The Eurozone is facing a breakup due to the backlash by rediscovered nationalism by various countries due to rebelling against the sovereignty-killing aspect of liberal-corporatism. The bailouts of Greece, Ireland and Spain, accompanied interest rates paid by nations on their actions, cut in spending and increase in taxation.[12] These polices were applied by the transnational institution of the IMF which saw Euro institutions collapsed by 2011 which saw the Euro-commission appoint technocratic governments such as Italy and Greece.[13]

In conclusion, by non-state actors via neoliberalism appears to have transcend nationalism itself. Furthermore, it adopted authoritarian characteristics that created a hubris that made it believe that it could regulate and police itself. As seen in the European example, by having such freedom and power the nation state has become eroded by transnational entities.

Bibliography

Elbra, A.D. (2014), “Interests Need Not be Pursued if they can be Created: Private Governance in African Gold Mining”, Business and Politics, Vol.16, No.2, pp.247-266.

Haufler, V. (2006), “Global Governance and the Private Sector,” in May, C. ed., Global Corporate Power, Boulder: Lynne Rienner Publishers.

Wilks, S. (2013), The Political Power of the Business Corporation, Cheltenham: Edward Elgar, ch.7.

[1] Virginia Haufler, (2006), Global Governance and the Private Sector, Boulder: Lynne Rienner Publishers. p. 90.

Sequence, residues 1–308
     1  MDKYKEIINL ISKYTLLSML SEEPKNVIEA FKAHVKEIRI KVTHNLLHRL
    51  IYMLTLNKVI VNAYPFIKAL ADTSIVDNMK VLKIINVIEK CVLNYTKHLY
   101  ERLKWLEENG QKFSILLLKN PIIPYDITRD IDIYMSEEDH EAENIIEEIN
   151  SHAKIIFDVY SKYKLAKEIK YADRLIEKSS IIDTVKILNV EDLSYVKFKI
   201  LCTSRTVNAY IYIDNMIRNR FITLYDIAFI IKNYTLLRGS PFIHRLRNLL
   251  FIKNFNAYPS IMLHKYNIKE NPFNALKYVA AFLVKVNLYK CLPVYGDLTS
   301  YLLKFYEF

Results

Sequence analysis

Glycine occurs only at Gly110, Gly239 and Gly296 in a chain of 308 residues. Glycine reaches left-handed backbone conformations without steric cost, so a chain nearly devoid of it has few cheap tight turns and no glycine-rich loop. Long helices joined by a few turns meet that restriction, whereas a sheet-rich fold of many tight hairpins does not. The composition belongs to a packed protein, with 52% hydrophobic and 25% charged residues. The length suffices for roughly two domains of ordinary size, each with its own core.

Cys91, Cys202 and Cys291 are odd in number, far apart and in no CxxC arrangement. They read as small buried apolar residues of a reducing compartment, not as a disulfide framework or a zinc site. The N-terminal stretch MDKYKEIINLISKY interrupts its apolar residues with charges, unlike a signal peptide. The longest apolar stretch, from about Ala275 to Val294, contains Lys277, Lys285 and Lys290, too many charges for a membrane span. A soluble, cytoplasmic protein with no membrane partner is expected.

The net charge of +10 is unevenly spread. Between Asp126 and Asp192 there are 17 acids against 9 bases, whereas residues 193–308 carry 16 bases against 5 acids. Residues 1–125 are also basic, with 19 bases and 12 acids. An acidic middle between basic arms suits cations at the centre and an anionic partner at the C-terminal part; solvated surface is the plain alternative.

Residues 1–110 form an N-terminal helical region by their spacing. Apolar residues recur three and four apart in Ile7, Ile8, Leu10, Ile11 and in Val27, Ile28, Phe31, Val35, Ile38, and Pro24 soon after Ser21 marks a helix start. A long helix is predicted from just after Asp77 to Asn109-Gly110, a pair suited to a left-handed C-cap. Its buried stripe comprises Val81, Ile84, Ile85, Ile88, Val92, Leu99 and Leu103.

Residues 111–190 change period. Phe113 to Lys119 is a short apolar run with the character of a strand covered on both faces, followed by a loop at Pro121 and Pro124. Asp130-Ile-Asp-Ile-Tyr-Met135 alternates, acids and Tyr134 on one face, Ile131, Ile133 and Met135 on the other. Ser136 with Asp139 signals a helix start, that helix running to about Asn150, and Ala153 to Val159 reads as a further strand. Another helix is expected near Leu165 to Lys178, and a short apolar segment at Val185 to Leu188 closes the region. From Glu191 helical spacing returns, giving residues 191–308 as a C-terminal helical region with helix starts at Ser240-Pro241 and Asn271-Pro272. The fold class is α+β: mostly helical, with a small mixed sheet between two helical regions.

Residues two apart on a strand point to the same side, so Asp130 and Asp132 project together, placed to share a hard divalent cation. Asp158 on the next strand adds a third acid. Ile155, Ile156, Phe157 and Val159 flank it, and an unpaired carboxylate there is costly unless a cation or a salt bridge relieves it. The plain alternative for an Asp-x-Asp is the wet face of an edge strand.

[2] Virginia Haufler, (2006), Global Governance and the Private Sector, Boulder: Lynne Rienner Publishers. p. 92.

[3] Stephen Wilks, (2013), The Political Power of the Business Corporation, Cheltenham: Edward Elgar, ch.7. p. 150.

[4] Ainsley D. Elbra, (2014), Interests Need Not be Pursued if they can be Created: Private Governance in African Gold Mining, Business and Politics, Vol.16, No.2, pp.247-266. p.249.

[5] Stephen Wilks, (2013), The Political Power of the Business Corporation, Cheltenham: Edward Elgar, ch.7. p.148.

[6] Stephen Wilks, (2013), The Political Power of the Business Corporation, Cheltenham: Edward Elgar, ch.7. p.149.

[7] Ainsley D. Elbra, (2014), Interests Need Not be Pursued if they can be Created: Private Governance in African Gold Mining, Business and Politics, Vol.16, No.2, pp.247-266. p.250.

[8] Ainsley D. Elbra, (2014), Interests Need Not be Pursued if they can be Created: Private Governance in African Gold Mining, Business and Politics, Vol.16, No.2, pp.247-266. p.255.

[9] Ainsley D. Elbra, (2014), Interests Need Not be Pursued if they can be Created: Private Governance in African Gold Mining, Business and Politics, Vol.16, No.2, pp.247-266. p.259.

[10] Ainsley D. Elbra, (2014), Interests Need Not be Pursued if they can be Created: Private Governance in African Gold Mining, Business and Politics, Vol.16, No.2, pp.247-266. p.255.

[11] Stephen Wilks, (2013), The Political Power of the Business Corporation, Cheltenham: Edward Elgar, ch.7. p.166.

[12] Stephen Wilks, (2013), The Political Power of the Business Corporation, Cheltenham: Edward Elgar, ch.7. p.160.

[13] Stephen Wilks, (2013), The Political Power of the Business Corporation, Cheltenham: Edward Elgar, ch.7. p.160.